What Schools Are Teaching Teenagers About Cannabis

With nationwide perspectives changing about cannabis, it’s more important than ever to talk about marijuana education for teens. Research has shown marijuana use to be detrimental to the brain development of adolescents. One study from King’s College London’s Institute of Psychiatry that tracked study participants from birth to age thirty-eight reported that using marijuana before eighteen can result in a lower IQ as an adult. Terri Moffet, one of the authors of the unique decades-long study, relayed, “It’s such a special study that I’m fairly confident that cannabis is safe for over-18 brains, but risky for under-18 brains.”

An NPR report from February 2014 explored stories from schools such as Arapahoe Ridge High School in Boulder, where administrators say they have seen an increase in drug-related incidents since recreational marijuana was legalized in the state (this is actually in contrast to recent research that states that marijuana use in teenagers in Colorado has decreased 2% since marijuana legalization.). Odette Edbrooke, Boulder Valley School District’s health education coordinator, says that the changes in public policy and dialogue send students a mixed message: “When it’s legal for your parents to smoke it or grow it, that changes the conversation.”[3.“When Pot Goes From Illegal To Recreational, Schools Face A Dilemma,” NPR, February 24, 2015, https://www.npr.org/sections/health-shots/2015/02/22/388156660/when-pot-goes-from-illegal-to-recreational-schools-face-a-dilemma.] For Colorado, that new conversation is going to be centered around a science-based program that teaches teens about marijuana from a holistic perspective, according to Mike Van Dyke of the Colorado Department of Public Health.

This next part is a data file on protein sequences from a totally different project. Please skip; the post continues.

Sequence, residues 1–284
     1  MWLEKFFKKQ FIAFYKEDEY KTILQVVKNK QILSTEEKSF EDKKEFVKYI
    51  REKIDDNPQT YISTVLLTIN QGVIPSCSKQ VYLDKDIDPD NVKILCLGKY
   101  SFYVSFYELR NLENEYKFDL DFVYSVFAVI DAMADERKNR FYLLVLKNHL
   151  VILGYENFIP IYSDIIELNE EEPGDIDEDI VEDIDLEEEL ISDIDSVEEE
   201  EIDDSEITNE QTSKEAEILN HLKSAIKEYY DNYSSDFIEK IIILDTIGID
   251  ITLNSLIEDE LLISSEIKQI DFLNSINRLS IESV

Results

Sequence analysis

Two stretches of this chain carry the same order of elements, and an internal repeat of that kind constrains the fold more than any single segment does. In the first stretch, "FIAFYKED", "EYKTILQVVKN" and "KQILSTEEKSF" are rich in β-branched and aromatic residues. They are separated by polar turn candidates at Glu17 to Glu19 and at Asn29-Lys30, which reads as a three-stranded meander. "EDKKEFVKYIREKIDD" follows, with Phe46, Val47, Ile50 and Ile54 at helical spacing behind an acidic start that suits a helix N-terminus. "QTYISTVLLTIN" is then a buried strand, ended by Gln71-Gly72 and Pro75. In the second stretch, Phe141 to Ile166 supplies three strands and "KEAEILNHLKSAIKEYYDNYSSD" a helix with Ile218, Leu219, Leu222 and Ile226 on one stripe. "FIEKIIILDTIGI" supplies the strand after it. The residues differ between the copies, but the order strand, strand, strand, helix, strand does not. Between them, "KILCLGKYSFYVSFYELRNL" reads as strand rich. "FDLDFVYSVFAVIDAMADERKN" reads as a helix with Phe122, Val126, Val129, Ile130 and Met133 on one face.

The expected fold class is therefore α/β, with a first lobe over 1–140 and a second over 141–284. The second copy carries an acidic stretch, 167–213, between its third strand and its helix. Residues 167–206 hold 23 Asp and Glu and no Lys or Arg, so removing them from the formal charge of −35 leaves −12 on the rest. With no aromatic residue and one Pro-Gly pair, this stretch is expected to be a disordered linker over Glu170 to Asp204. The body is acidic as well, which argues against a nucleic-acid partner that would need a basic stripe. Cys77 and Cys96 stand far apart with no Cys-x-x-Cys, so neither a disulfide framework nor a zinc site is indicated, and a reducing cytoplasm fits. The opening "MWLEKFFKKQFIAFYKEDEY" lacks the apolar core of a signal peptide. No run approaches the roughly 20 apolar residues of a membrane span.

Meanwhile, specialty colleges like Oaksterdam University in Oakland, California, are popping up with marijuana business classes. Oaksterdam offers a “Cannabusiness” course with the hope to lend an air of academic legitimacy to what has historically been a fringe economy. But in public schools where teens are held to drug-free policies, administrative policies attempt to maintain their “Just Say No” message and standards in the face of shifting public mores.


Families Should Talk to Teens Until Formal Marijuana Education Shows Progress

The importance of open dialogue and parental involvement to help teens make sense of recreational drugs cannot be over-emphasized — this is especially true as our educational system stands in limbo and grasps for consistent messaging. With the proliferation of information through the internet and access to contemporary research, families should feel empowered to get the facts and have frank discussions with teens about the risks and benefits of marijuana usage. It seems that administrators have seen that our long-time policy to “Just Say No” won’t cut it anymore as we begin to acknowledge the varied benefits that marijuana offers. A holistic approach can acknowledge the good qualities of cannabis and provide a factual, scientific grounding that explains to teens how, and when, it’s okay to responsibly use marijuana.